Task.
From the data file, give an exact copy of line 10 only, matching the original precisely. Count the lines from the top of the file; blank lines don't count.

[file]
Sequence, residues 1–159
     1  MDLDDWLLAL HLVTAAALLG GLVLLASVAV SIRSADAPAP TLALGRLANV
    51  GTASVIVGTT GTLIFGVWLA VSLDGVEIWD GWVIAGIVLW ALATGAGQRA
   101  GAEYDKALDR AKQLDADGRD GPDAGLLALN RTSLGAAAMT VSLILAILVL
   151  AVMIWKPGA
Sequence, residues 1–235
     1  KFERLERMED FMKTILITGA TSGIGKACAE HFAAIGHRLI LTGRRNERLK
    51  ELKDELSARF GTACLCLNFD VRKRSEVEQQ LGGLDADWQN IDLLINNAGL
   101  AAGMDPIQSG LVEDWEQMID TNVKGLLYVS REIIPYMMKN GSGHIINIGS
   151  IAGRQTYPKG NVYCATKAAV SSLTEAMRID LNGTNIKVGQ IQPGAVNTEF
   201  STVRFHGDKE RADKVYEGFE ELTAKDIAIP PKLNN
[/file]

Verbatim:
   151  IAGRQTYPKG NVYCATKAAV SSLTEAMRID LNGTNIKVGQ IQPGAVNTEF